I’m really excited to share that Tiffany Han of 100 Rejection Letters will be joining the Coaching Blueprint digital marketing program on October 5th, 2015!
Listen to a short clip from our interview, above. In our full interview, included with the Coaching Blueprint digital marketing program, we talk about:
- How she’s up-leveled her business from a one-on-one practice to group coaching, speaking events, a podcast, and more;
- Marketing practices that might be common in the industry (but that aren’t actually effective because they burn bridges!);
- How she manages her time running a business and raising her twin toddlers.
Ready to create your blueprint?
Learn more in the Coaching Blueprint digital marketing program. Make more money, in less time. Find clients. Generate ideas for passive income. Expand your audience. Increase your web traffic. Spend less time on marketing, but get better results.
Join me and twelve other life coaches–we’ll teach you how we created profitable and fulfilling life coaching practices. Click here, to start.
This is the post that every coach hopes they’ll never need, but sometimes, it happens: someone signs up for your retreat, program, mastermind, or one-on-one coaching, and then they fail to make payments. Sometimes, they email you and tell you what’s going on, and see if there’s some way that they can still fulfill the financial commitment that they made, just at a reduced rate.
Other times, unfortunately, they just drop all contact and don’t respond to emails–or make any further payments. That’s when it’s time to call a collections agency.
Whoa. That sounds serious.
Calling a collections agency is serious–especially for the person who has decided not to finish making their payments. More on that in a moment.
What most life coaches don’t know is that for you, the life coach? There’s very little for you to do, and getting set up with a collections agency is extremely easy and costs you nothing. Here’s how it works in most cases (of course, check your local jurisdiction for details):
* You get set up with a collections agency. You’ll need to work with one that operates in the country where the person is located. Here’s one U.S. company that I’d recommend: Optio Solutions and a Canadian-based company: CBS Canada. If the person is thinking that they can opt-out of collections because they’re in a different country? Nope. There are international collections agencies, as well–just google it.
* You hand over authority on the account. When you get set up with the collections agency, you are, in some sense, handing the account over to them. This means that the person who didn’t pay you is now no longer not paying “you,” they’re legally not paying “them,” the collections agency.
* The collections agency will categorize their efforts. A “Level 1” collections attempt is going to involve sending certified letters to the person’s last known address. This is a legal first step in most countries, required before any “Level 2” collections can commence. You, as coach? You’re not doing anything other than signing the paperwork. The collections agency is doing the heavy lifting.
* If Level 1 efforts fail, then you legally sign authority to move into a “Level 2” collections attempt. This? This is where it gets serious for the person who isn’t paying–if they fail to respond now, this can go on their credit report and be used as a pathway to putting a lien or garnish on their wages.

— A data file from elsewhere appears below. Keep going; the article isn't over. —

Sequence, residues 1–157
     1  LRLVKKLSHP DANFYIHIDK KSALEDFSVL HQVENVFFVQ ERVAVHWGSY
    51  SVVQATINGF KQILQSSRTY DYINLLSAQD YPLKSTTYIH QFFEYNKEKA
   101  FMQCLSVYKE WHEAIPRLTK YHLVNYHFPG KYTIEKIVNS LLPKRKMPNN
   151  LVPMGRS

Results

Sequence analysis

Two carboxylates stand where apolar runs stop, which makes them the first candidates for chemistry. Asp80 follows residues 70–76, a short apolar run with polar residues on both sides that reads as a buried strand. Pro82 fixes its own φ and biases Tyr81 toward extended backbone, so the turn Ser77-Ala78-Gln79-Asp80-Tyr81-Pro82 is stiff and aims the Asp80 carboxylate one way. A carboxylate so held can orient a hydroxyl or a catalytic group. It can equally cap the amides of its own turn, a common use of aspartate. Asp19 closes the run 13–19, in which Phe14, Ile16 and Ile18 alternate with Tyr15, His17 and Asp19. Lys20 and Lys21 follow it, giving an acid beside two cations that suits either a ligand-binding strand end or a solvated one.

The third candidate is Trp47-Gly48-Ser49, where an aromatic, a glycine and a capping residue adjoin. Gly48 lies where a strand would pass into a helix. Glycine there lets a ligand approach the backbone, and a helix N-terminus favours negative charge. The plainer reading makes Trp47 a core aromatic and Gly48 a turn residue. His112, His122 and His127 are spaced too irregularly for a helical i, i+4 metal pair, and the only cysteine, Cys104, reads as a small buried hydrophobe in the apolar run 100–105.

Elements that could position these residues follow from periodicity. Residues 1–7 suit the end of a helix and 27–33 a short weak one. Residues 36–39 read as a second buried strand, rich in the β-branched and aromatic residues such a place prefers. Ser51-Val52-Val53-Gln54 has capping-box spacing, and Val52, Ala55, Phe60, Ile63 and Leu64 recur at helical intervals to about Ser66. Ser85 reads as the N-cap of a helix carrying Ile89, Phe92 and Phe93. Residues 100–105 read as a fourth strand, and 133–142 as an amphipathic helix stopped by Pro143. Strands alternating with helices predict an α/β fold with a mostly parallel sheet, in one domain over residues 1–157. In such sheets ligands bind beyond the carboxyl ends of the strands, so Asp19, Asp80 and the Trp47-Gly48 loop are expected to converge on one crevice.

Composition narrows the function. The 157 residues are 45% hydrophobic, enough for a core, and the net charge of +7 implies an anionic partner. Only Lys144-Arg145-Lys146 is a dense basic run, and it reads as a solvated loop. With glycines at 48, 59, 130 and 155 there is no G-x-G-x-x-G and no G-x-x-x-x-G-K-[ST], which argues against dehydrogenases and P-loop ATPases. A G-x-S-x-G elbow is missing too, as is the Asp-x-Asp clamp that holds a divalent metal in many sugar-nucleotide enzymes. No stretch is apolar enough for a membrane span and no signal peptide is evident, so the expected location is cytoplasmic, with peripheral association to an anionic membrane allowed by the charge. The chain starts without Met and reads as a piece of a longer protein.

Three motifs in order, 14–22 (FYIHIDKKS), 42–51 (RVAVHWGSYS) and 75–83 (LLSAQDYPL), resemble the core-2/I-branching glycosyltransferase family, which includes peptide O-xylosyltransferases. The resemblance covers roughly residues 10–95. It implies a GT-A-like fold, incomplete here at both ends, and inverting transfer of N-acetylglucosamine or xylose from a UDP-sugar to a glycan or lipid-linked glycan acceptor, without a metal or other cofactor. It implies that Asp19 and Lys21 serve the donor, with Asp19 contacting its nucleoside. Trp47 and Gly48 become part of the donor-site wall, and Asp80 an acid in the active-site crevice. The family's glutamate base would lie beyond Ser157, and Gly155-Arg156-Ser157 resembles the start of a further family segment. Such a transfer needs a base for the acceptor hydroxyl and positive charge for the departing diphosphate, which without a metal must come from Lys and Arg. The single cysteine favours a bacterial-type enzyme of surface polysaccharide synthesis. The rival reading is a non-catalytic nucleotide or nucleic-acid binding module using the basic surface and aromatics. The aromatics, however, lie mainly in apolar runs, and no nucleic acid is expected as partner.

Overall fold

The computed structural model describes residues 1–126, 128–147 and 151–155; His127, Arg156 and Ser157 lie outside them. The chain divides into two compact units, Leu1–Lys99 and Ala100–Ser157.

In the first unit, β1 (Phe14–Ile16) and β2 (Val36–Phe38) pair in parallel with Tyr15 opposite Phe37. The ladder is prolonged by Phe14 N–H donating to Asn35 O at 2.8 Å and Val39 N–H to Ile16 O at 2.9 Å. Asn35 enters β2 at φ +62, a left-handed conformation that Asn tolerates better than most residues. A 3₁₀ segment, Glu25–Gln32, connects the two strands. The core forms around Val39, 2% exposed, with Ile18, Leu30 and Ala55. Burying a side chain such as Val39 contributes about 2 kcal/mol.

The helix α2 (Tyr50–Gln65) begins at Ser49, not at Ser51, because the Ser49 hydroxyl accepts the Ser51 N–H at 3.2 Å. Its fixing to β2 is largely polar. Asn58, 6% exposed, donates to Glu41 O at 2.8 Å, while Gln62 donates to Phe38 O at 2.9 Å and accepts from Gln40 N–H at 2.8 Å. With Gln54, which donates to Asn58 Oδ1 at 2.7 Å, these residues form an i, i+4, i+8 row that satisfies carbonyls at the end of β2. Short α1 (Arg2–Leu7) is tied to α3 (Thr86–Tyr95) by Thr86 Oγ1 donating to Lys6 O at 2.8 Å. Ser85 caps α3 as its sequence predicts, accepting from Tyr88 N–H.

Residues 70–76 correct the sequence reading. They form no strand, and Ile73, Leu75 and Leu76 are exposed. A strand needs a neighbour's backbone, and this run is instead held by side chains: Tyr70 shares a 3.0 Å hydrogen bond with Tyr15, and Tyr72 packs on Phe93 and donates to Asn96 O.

Again, you as coach? You’re not doing much of anything other than being in contact with your collections agency and signing paperwork.
What happens if they collect?
If the collections agency collects, you pay them a commission. This is usually between 35-50% of what was owed.
If the collections agency does not collect? You pay them…nothing.
So in other words, if someone has run out on payments, the worst that can happen is that the agency doesn’t collect but the person who didn’t pay receives consequences such as a note on their credit report that they’ve had accounts go to collections. You don’t pay a dime.
The best that can happen is that you’ll get at least 50% of the money that was owed, back. You might be able to expense the collections agency’s commission as a tax-deduction (of course, talk to your accountant about that).
This is scary!
No one feels good about making that call to the collections agency. No one. It’s scary to make the call.
At the same time, the person not paying has a lot of options before anything gets to a point where it needs to go to collections. One of those options is making more measured financial decisions prior to committing to something. Another is needing to say “no” to something else that they want–trips to Disneyland, new Nikes, eating out, moving to a new country, etc.–so that they can honor a financial commitment that they’ve made.
And finally, another option is contacting you and saying, “I can’t pay the full amount yet, but here’s what I can pay.” I wouldn’t personally recommend sending someone to collections if they are staying in touch and doing their best to pay what they can after a financial challenge presents itself. Someone who doesn’t choose to do any of those things isn’t honoring their own personal integrity, nor are they honoring the financial obligation they made to you and the expenses that you might have incurred in including them in your retreat, group, or other offering.
Most people have a mis-perception that if you hire a collections agency, you’re going to go through a lot of hassle and you won’t see the money, anyway. In fact, the efforts on your part will be minimal and there’s always the chance that something will be worked out. You can halt collections efforts at almost any point in the process, as well. Handing an account to collections isn’t about wishing ill-will to someone; it’s about respecting yourself and your business.